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Debate on John Key’s tax cuts was raging at the dinner table the next evening.
"I oppose tax cuts," Isha was saying, "because they benefit the rich. The rich get a lot more money back than the ordinary taxpayers like me. That's not fair."
“You’re not the only one who feels that way," Rosh replied, "what you forget is that they’ve paid a lot more in the first place, so it is only fair that they get more of it back."
“But they can afford to pay more,” Isha wasn’t impressed with his argument. “How’s that fair?”
“Don Dodson submitted a story once to the Chicago Tribune,” Rosh answered.
“It puts tax cuts in terms everyone can understand. The figures Don used in his American example aren't too different from those we might find in New Zealand, even today."
"I haven’t personally checked either country's figures, but the Kiwi information can be pieced together easily with stats from Statistics NZ, IRD (Inland Revenue Department) and the NZ Treasury.”
“Suppose that everyday 10 men go to a restaurant to dine together, Don wrote. The total bill for all ten comes to $100. If they pay it the way we pay our taxes, four men would pay nothing.”
“The fifth would pay a dollar. The sixth would pay $3, the seventh $7, the eighth $12, and the ninth $18. The tenth - the richest man - would pay the balance. $59.”
“And so he should,” Isha chimed in, “he can afford to.”
“Now,” Rosh refused to be baited and continued with the tale, “the men seemed happy with the status quo up until the day the restaurant owner decided to reward their loyalty and custom by giving the group a 20% discount. Now their dinner cost only $80. The issue was how to divvy up the $20 windfall.”
“What’s so hard about that?” Josh jumped in to show-off his mathematical abilities. "To distribute $20 amongst 10 men, just give each man a couple of dollars.”
Rosh looked quietly at Isha to see if she would agree. Isha smelled a rat and decided to stay mum.
“That can’t be fair,” Hosh came to her rescue, “giving $2 each to the four who never paid a cent in the first place. In this system, they would effectively get paid to eat their dinner.”
“How’s that fair to the payers, those who are actually paying for the food? If they weren’t paying, there would be no daily dinners to be had in the first place.”
“You do have a point,” Josh conceded. “Discount or no discount, they still get to eat for free. When they weren’t paying anything, they shouldn’t be getting anything back.”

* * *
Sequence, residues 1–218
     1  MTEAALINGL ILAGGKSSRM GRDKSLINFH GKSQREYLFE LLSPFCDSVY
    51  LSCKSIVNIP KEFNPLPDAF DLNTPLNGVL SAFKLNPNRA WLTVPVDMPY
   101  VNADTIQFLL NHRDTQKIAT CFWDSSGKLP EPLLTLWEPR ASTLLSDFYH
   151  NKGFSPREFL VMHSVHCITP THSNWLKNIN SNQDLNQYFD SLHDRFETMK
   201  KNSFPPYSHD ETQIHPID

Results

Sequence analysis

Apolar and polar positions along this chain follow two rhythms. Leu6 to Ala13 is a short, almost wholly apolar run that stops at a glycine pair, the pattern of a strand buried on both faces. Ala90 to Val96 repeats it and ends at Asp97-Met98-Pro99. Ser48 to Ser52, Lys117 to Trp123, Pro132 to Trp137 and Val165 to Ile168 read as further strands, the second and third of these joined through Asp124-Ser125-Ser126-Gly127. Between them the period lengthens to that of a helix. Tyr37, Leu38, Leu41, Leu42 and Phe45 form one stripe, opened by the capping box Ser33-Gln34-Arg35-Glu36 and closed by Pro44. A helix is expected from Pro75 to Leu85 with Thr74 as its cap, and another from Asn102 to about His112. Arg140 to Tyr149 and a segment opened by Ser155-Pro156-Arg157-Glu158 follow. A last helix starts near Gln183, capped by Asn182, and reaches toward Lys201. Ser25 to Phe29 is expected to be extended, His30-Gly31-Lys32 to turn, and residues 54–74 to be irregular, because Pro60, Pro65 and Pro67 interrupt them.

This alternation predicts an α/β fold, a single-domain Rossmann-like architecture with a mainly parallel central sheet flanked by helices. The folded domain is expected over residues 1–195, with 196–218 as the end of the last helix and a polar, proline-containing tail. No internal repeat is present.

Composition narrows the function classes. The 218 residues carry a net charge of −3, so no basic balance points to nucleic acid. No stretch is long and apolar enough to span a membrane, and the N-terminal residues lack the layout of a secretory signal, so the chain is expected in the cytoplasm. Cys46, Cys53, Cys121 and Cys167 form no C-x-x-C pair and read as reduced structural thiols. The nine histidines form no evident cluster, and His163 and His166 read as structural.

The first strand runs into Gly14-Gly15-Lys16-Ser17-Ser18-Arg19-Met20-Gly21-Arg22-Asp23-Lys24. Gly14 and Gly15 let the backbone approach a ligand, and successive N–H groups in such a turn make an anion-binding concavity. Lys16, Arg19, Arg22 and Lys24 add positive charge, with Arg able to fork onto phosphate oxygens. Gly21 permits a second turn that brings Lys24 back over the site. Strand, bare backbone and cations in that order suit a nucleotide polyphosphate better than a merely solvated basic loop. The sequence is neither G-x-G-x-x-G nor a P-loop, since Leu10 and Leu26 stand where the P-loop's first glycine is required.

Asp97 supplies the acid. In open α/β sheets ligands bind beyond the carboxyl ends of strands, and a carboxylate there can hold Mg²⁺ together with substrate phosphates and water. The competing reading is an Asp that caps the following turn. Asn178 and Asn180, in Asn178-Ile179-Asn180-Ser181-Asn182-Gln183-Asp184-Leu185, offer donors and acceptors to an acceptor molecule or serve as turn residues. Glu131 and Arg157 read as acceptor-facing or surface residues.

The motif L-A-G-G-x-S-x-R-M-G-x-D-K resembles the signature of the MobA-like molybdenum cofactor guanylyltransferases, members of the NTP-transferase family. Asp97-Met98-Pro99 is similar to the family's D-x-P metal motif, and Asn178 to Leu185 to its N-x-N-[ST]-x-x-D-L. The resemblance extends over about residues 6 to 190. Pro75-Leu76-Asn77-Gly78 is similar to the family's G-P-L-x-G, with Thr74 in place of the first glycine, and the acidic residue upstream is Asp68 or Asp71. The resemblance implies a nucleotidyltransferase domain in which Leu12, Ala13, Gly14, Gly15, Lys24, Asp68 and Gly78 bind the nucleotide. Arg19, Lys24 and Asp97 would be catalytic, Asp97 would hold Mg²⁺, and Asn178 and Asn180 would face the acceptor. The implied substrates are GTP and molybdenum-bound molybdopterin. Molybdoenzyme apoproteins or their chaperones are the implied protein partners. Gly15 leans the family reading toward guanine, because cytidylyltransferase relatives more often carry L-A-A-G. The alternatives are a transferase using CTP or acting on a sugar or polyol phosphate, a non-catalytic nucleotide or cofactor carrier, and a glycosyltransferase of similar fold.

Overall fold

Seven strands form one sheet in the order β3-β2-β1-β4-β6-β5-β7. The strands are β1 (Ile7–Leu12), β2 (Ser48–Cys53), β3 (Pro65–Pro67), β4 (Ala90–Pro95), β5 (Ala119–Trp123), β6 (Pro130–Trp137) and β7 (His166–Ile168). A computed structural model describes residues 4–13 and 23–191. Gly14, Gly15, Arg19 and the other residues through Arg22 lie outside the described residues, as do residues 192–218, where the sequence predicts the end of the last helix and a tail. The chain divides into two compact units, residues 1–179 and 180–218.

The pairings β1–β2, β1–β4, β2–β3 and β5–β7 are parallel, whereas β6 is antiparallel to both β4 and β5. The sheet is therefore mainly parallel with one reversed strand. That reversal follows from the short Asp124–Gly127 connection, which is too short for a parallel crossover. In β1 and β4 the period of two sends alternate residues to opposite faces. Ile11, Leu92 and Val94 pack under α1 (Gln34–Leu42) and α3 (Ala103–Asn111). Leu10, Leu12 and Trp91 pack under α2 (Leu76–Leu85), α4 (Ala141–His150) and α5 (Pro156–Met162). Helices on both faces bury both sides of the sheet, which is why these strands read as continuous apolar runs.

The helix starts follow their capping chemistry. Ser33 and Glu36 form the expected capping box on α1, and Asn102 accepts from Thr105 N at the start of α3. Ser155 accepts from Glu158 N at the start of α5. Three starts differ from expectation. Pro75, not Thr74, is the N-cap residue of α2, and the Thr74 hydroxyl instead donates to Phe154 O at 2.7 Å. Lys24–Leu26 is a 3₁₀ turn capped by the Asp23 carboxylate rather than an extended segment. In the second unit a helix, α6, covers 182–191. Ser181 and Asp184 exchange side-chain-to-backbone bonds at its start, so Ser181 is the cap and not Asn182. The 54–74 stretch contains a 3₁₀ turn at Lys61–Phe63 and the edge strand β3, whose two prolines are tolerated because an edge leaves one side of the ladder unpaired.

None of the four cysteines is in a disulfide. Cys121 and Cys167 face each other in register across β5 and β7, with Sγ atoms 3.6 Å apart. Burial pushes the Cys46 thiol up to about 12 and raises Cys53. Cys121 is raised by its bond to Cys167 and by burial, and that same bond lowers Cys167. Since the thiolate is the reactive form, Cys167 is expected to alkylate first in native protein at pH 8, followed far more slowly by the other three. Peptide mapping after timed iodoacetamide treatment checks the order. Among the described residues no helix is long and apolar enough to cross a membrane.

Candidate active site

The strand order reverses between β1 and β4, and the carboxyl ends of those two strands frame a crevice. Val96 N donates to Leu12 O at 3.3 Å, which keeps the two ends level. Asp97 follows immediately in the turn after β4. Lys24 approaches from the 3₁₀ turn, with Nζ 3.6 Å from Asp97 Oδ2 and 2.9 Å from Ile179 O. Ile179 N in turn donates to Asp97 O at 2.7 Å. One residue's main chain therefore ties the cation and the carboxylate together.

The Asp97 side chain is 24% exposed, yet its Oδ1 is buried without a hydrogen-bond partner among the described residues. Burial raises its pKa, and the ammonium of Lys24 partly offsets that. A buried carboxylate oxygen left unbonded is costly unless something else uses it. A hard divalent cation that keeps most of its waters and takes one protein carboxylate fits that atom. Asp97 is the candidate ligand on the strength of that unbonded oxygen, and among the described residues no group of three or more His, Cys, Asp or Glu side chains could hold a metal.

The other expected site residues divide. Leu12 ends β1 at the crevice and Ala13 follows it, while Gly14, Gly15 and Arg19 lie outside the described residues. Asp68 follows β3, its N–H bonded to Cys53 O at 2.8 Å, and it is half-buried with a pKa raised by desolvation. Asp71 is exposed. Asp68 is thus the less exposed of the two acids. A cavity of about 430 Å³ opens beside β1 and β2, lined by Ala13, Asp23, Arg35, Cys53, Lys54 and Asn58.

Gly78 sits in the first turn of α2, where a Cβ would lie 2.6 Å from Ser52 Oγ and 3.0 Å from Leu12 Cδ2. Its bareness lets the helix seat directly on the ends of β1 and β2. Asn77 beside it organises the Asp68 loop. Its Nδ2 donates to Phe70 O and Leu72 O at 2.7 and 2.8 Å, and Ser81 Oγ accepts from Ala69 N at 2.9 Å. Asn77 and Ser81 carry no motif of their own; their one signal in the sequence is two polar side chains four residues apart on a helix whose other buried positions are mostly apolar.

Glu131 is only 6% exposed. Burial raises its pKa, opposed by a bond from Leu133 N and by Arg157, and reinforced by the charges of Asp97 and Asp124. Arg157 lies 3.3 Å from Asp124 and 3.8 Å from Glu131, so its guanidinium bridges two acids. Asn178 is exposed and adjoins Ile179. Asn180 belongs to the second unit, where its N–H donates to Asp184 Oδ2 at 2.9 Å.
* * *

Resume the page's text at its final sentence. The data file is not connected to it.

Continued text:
“Then how to divvy up the $20 savings amongst the remaining six so that everyone gets his fair share?”
“$20 divided by 6 is $3.33, but if they subtract that from everybody's share, then the fifth man and the sixth man would end up getting paid to eat their meal. That’s not fair to the other eight either.”
“The first four should be unaffected by the discount,” Hosh said slowly, thinking things through, “a 20% discount on 0 cost is $0 back. The discount should only be on what they paid. That would be fairer.”
“So the guy who paid $1 earlier, should need to pay 80c now. The guy who paid $59 earlier …”
“… should pay $47.20 now,” Josh jumped in with the numbers before Hosh could work them out.
“Quite right,” said Hosh. “You are a bright little button, aren’t you? And that’s what Pa’s been hinting at, isn’t it Pa? It is fairer for the guys who pay more to get back more if the discount is to be fairly applied.”
Rosh nodded and smiled, wiping his mouth with a napkin.
“Essentially.” he said, “the tax cuts can’t so simplistically be applied to the whole population though in such a way, as tax is calculated on a tiered scale. But the principle you have hit upon is right.”
“So what happened in Don’s story?” Isha asked. “How did they divide it up?”
“They couldn’t decide,” said Rosh, “and left it to the restaurant owner to work it out. He decided that it would be fair to reduce each man's bill proportionately by roughly the same amount he had paid.”
“But the reduction was to be on a rough tiered scale, cos Don’s story was a tax story after all.”
“So the first four got nothing back, the fifth man paid nothing, the sixth pitched in $2, the seventh paid $5, the eighth paid $9, the ninth paid $14, leaving the tenth man with a bill of $50 instead of $59.”
“Kind of like a $1 refund for every $4 paid or part thereof,” Josh flashed in the numbers again.
“Kind of,” agreed Rosh, and smiled at his son’s use of jargon, “though your formula would have shortchanged the ninth and tenth men.”
Everyone waited for him now to reveal the correct formula and tier-scale used.
“Outside the restaurant,” Rosh continued, “the men began to compare their savings.”
"I only got a dollar out of the $20," declared the sixth man pointing to the tenth, "and he got $9."
"That's right," exclaimed the fifth man. “I only saved a dollar too. It's unfair that he got nine times more than me.”
"Yea," grumbled the seventh man, "why should he get $9 back when I got only $2? The wealthy get all the breaks!"
"Wait a minute!" yelled the first four men in unison. "We didn't get anything at all. The system exploits the poor!"
“So, the nine men surrounded the tenth and beat him up.”
Rosh waited for a response. There was none.
“The next night,” he said after a protracted pause, “the tenth man didn't show up for dinner. So the nine sat down and ate without him.”
“But when it came time to pay the bill, they discovered something important. They were $50 short!”
“So that is how the tax system works. The people who pay the highest taxes get the most benefit from a tax reduction.”
“Tax them too much, attack them for being wealthy, and they just may not show up at the table anymore. There are lots of good restaurants in Switzerland and the Caribbean.”
Next: How Tax Cuts Work